Mingus wrote:Perhaps college is not the automatic answer for everyone anymore. Maybe we are well beyond a saturation point with college grads in relation to the amount of jobs out there. I read an article today that most of the new construction in homes are 3000 SF plus. They are this large to be big enough to house extended families. Grandma, grandpa, mom, dad, and their two kids who cannot find work. I'd say we need more carpenters, plumbers, and electricians. That is until the next building crash. There will always be opportunities for above average people who are college graduates. But not everyone can be above average.
100% agree. The biggest scam in this country i have said for a long time is higher education. The big newsflash is that not everyone needs or should get a college education. You want fields that don't/ can't be outsourced or be subject to reduced labor force by technological advancement? That is plumbing, electrical, and other vocational jobs (often one's with strong unions). This is where the common Joe/Jane should go. They would have NO debt, be making money earlier, often join a union with benefits, and have specific skill set that can be used to perform a real job. The cream of the crop then should go to college if you want to go into a STEM fields where the higher education makes sense to acquire the level of knowledge needed to be an engineer, doctor, lawyer, dentist, computers, etc...

The scam was selling that it is the exepectation the common Joe go to college and pay a ton of money to come out with a useless (economically speaking) degree to do fill a job that frankly a high school kid with some on the site training can do, i.e. sales, retail, service jobs, etc...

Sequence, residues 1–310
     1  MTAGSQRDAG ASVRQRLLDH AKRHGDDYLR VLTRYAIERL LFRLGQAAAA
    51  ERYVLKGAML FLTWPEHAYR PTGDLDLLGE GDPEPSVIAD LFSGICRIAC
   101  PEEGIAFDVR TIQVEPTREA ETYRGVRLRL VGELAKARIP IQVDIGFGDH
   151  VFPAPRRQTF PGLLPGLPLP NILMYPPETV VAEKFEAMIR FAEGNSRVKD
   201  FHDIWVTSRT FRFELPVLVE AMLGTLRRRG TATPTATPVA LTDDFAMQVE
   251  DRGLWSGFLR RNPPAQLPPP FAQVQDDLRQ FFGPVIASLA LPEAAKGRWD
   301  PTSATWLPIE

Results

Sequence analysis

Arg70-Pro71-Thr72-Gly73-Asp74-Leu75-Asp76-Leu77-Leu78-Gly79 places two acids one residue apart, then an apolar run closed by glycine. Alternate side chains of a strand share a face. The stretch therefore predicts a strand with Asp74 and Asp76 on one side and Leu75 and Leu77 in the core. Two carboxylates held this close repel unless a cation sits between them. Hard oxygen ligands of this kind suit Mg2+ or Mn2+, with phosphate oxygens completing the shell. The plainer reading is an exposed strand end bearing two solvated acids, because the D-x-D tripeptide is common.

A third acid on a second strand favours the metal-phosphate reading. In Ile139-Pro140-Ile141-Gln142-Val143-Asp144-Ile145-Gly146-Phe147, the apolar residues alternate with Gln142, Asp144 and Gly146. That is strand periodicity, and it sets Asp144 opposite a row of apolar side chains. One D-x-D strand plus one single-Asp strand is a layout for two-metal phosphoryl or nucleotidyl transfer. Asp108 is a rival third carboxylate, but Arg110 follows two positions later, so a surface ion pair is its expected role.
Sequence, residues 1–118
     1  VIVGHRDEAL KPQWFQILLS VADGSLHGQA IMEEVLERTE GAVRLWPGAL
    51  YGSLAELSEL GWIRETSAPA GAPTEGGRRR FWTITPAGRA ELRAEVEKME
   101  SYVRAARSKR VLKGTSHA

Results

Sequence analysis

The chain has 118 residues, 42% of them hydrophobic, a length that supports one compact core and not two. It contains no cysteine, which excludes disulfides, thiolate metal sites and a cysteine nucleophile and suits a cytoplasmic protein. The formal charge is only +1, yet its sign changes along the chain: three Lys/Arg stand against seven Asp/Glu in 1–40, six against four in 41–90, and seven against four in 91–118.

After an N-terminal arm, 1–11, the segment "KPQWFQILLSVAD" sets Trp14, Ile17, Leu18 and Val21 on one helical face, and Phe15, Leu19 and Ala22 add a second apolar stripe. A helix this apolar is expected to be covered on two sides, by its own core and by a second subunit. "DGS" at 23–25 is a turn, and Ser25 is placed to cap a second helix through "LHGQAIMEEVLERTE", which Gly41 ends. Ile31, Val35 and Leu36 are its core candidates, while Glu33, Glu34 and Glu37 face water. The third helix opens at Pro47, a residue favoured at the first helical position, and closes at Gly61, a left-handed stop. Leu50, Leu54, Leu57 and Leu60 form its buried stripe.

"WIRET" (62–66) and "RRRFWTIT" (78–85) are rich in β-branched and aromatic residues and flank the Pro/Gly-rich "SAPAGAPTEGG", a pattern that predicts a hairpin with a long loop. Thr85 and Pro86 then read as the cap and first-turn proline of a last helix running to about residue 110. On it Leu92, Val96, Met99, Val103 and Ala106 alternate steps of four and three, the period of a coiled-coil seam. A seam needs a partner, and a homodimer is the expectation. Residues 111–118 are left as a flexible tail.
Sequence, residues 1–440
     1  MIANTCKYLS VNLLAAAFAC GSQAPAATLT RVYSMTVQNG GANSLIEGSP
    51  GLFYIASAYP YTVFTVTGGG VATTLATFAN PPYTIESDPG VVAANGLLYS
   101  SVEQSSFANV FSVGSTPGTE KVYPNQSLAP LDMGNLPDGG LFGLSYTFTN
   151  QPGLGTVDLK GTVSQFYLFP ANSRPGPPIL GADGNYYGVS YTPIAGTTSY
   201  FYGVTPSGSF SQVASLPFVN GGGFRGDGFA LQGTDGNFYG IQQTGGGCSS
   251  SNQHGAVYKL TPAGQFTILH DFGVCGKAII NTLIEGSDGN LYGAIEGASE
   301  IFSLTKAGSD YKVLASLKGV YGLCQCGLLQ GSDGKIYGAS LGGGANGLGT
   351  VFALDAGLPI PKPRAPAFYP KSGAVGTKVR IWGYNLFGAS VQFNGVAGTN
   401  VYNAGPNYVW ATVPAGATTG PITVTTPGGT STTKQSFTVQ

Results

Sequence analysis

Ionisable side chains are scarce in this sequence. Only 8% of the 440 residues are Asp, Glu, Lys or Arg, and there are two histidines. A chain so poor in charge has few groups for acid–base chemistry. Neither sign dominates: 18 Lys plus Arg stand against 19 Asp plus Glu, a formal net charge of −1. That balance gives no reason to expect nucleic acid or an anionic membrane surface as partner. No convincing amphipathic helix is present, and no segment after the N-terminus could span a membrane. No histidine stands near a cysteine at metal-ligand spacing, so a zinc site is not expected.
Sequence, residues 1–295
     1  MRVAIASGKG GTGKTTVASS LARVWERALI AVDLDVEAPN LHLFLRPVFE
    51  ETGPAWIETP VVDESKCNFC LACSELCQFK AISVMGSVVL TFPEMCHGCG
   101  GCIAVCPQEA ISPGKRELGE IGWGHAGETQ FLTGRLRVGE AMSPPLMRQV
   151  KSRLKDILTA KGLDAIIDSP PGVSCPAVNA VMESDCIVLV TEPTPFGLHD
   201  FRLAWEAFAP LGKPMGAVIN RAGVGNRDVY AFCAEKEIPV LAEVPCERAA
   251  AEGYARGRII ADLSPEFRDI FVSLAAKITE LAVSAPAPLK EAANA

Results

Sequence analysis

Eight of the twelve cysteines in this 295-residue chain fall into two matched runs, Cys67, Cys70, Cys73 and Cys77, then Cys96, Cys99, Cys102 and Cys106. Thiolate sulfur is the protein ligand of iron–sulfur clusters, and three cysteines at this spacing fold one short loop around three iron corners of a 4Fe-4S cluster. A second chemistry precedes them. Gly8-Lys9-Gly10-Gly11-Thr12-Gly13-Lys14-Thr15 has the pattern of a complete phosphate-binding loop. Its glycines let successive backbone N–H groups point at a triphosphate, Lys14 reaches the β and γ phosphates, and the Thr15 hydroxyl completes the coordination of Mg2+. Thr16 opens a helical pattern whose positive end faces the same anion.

I'm not sure how anyone is surprised folks coming out with philosophy or art major degrees with 100k debt is slinging fries or selling clothes at Macy's. How could you expect any other outcome.

Just my two cents.

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Re: Best careers for people about to enter college?

Post by Watty »

You have to be a member to get to most of the information but your kids high school counselor may have access to the National Association of Colleges and Employers (NACE) data.

http://www.naceweb.org/

A lot of their public information is worth looking at so you should see what you can find on their website.

Going into a career just because it is considered the "best" will likely not work out well since they will likely not thrive and be highly considered in their field if they can stick with it.

There are some fields that might be good to avoid because of the bleak job prospects but within reason it is likey best to give a lot of consideration to what the kids are good and what they like doing.

One approach that I have suggested people use is to start out as if they were going to get a double major in complementary degrees and then switch to one or the other after a few years depending on what they are doing well in and how the job market looks in a few years. If they go on and get a double major that can work out very well too.
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Re: Best careers for people about to enter college?

Post by JupiterJones »

fredflinstone wrote: What are the best options today for bright young people who are about to embark on their careers?
Define "best".

A career with high demand, where they're most likely to quickly get a job?

A career with high pay, where, if they get a job, it will pay really well right off the bat?

A career with great prospects, which might not pay much now, but has the potential to pay a great deal later?

A career that the person has passion about?

A career that the person has talent for?

In practice, "best" is a combination of several of these, in different proportions for different people.

Job surveys will help you with the first of these criteria. But those last two are really important, and often overlooked in discussions like this.
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Re: Best careers for people about to enter college?

Post by greg24 »

Computer science. Jobs are everywhere, pay well, and its interesting work, at least to some people.

Engineering is a great track, but it seems like you have to move where the job is. I don't think moving for a job is a good idea.
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Re: Best careers for people about to enter college?

Post by gerrym51 »

Rich heir would be best!
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Re: Best careers for people about to enter college?

Post by takeshi »